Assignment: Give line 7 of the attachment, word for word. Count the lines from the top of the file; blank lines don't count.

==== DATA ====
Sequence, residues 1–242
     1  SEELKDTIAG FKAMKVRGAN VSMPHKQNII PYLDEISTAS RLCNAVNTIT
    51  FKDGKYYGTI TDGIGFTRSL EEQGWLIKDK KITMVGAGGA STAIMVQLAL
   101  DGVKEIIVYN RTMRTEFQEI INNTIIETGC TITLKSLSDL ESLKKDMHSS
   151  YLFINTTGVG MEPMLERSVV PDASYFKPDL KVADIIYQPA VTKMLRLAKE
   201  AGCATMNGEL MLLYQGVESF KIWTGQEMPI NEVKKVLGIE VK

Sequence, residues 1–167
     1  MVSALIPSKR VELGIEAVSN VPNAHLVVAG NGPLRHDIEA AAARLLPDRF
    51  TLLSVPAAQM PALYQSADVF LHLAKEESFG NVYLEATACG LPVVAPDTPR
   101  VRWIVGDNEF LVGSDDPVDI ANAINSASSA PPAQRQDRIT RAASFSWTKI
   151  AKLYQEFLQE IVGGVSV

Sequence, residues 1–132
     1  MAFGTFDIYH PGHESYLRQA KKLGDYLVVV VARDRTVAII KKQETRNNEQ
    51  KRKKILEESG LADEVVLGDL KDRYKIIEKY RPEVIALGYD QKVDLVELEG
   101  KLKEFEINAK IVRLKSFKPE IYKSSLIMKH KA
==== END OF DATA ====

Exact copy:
Sequence, residues 1–167